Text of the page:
Protestants are found of quoting eminent scholars when attempting buttress their heretical claims.

            Then again, it’s not all that different than when I disputed my Mother’s injunction that the weather required a jacket, and I cited a kindergarten classmate’s assertion to the contrary.

      • Objectivetruth

        If John Paul II ain’t in heaven, none of us have a chance.

        • mikidiki

          You are entitled to your strange and defeatist opinion, but I can assure you that my salvation is not dependent upon whether JP2 is there before me.

          • Objectivetruth

            “Strange and defeatist”


            • mikidiki

              Why would none of us have a chance of getting to Heaven if JP2 is not there yet? I classify that as defeatist. I used the term “strange’ to accommodate, in a moderate manner, your glib, trite and facetious response. Satisfied?

              • Objectivetruth

                English is not your first language, is it?

                • mikidiki

                  It could be with your help! Or perhaps not!

      • Objectivetruth

        “What is bound on earth, is already bound in heaven.”

    • tradmeister

      One traditionalist blogger has put it rather interestingly: we should pray for their intercession that they help give us popes who were much better than they were.

  • Jay

    I must say that these comments are hurtful in many ways. I was brought into the church this Easter, and I’m honestly regretting my decision. I see Catholicism is divided among Modernists and Traditionalists further than I expected. I came from a Protestant background and believe, and I left because of division and splits. I can see clearly that Catholicism is heading down the same direction.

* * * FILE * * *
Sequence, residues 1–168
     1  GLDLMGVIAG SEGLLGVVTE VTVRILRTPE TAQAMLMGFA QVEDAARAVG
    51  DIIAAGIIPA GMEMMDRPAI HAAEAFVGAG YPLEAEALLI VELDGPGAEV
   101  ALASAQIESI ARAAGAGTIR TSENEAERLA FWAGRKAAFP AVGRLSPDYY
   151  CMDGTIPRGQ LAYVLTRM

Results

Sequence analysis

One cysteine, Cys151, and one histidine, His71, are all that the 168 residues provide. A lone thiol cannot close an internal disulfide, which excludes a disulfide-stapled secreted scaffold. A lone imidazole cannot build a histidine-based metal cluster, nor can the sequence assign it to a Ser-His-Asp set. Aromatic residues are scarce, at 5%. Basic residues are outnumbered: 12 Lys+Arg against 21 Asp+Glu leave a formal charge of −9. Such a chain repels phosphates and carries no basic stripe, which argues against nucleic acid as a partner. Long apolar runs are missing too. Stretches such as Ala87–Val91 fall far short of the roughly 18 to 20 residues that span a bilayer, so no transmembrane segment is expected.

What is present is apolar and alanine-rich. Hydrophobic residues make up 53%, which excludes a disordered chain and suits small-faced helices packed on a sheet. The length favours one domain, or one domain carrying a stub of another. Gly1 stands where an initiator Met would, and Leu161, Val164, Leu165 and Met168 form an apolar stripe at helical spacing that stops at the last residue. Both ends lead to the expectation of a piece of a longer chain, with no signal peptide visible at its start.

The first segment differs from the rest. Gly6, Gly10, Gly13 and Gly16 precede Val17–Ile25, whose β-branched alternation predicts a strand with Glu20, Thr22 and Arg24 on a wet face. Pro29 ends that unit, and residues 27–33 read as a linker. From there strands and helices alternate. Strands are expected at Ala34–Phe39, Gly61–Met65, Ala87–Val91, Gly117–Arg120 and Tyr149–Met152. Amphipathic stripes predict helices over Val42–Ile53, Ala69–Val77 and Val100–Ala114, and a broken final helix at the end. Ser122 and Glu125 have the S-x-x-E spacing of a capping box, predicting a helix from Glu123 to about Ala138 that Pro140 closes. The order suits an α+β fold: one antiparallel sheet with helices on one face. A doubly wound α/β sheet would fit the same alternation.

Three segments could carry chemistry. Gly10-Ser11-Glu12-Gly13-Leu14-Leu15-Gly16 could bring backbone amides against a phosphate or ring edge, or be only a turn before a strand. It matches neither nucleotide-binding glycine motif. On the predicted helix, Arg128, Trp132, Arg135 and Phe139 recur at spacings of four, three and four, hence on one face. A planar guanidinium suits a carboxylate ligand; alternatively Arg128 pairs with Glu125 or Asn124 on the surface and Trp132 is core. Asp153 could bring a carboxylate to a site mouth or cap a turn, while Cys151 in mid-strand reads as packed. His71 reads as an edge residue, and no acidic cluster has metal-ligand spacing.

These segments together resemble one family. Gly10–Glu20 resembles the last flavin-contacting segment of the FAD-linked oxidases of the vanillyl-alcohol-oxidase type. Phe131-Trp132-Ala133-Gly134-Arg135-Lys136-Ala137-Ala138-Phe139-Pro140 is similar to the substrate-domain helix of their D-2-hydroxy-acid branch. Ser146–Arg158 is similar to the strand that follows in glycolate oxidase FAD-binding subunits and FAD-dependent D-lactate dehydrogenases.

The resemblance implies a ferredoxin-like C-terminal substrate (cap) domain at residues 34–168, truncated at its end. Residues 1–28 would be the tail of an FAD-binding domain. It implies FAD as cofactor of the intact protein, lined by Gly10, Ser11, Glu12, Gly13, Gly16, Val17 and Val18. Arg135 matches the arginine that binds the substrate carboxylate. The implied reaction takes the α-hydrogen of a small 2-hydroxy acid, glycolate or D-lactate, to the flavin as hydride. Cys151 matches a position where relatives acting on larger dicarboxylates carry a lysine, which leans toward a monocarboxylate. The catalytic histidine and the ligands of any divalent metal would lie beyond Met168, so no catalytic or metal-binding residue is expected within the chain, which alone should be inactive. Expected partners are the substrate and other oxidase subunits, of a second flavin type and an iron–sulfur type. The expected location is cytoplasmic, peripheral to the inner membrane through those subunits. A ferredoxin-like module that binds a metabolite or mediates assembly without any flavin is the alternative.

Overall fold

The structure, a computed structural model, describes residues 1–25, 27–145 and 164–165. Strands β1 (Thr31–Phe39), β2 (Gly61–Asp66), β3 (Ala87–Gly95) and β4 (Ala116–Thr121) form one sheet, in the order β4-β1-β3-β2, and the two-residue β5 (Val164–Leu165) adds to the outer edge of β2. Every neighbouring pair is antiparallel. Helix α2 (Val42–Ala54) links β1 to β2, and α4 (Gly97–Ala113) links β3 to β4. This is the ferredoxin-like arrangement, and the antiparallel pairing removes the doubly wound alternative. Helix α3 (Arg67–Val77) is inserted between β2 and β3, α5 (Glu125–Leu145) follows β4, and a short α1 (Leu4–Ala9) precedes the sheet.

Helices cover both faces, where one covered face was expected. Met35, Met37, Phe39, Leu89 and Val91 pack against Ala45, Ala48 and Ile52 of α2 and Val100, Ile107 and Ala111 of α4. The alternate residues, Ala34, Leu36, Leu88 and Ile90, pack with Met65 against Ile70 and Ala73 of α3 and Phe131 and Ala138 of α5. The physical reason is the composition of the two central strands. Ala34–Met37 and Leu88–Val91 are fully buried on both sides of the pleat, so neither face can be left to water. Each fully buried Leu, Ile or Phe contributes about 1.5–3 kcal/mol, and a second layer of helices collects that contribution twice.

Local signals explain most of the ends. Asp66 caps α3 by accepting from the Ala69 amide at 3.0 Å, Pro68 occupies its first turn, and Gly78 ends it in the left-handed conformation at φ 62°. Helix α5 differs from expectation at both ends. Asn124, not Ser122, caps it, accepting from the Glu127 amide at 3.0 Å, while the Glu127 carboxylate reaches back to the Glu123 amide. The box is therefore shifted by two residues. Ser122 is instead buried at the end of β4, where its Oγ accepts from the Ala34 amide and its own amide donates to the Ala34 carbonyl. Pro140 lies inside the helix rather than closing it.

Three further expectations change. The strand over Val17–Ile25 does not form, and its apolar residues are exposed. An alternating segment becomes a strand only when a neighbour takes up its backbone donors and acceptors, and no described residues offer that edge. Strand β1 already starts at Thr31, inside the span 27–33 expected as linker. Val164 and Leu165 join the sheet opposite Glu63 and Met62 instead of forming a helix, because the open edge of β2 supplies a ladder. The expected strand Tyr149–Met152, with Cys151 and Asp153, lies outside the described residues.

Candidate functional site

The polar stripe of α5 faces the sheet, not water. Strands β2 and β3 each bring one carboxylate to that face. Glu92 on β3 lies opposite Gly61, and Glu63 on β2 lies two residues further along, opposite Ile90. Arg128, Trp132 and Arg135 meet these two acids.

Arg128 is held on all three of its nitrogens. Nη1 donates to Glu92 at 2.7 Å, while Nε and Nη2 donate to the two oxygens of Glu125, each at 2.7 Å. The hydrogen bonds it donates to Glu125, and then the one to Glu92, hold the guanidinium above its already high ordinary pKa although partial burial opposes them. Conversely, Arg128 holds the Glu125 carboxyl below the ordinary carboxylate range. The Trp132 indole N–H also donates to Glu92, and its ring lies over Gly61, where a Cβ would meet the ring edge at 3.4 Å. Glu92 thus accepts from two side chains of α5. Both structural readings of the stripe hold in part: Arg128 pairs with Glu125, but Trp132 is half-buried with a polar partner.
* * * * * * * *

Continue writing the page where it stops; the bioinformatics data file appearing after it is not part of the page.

The “Traditionalists” seem to hold to their pride that the old liturgy is best and modernism is one of Satan’s tools. Meanwhile the “Modernists” have let go of their traditions and have let Protestantism seep into the what’s left of the liturgy.

    I’ve come to the conclusion that there is no Catholicism at all. I want back out.

    • TheAbaum

      “I see Catholicism is divided among Modernists and Traditionalists further than I expected. I came from a Protestant background and believe, and I left because of division and splits. I can see clearly that Catholicism is heading down the same direction.”

      A couple of things:

      1.) There is a pronounced tendency for people to discuss religion with vehemence-there’s even a Latin term for it that escapes me at the moment. It’s as old as the hills-the Apostles argued among themselves-and they had Christ in their midst, bodily.

      2.) A lot of commenters here (myself included) are long on hot air, short on action. This is a tempest in a tea pot.

      Yesterday, as I sat in Church, I noticed the lady in front of me had a small box to collect for an emergency pregnancy shelter after Mass. I pulled out a dead President to honor her efforts-and still wondered what more I should be doing-that’s the part of the Church you should aspire to be a part of-the one that feeds the lambs, not the one that chatters endlessly.

      3.) It’s natural to have a let down after going through any process. Ask any wife after the wedding is over and after the 2000th time, he’s still left the seat up (me, but my defense, I was a batchelor a long time and was pretty set in my ways).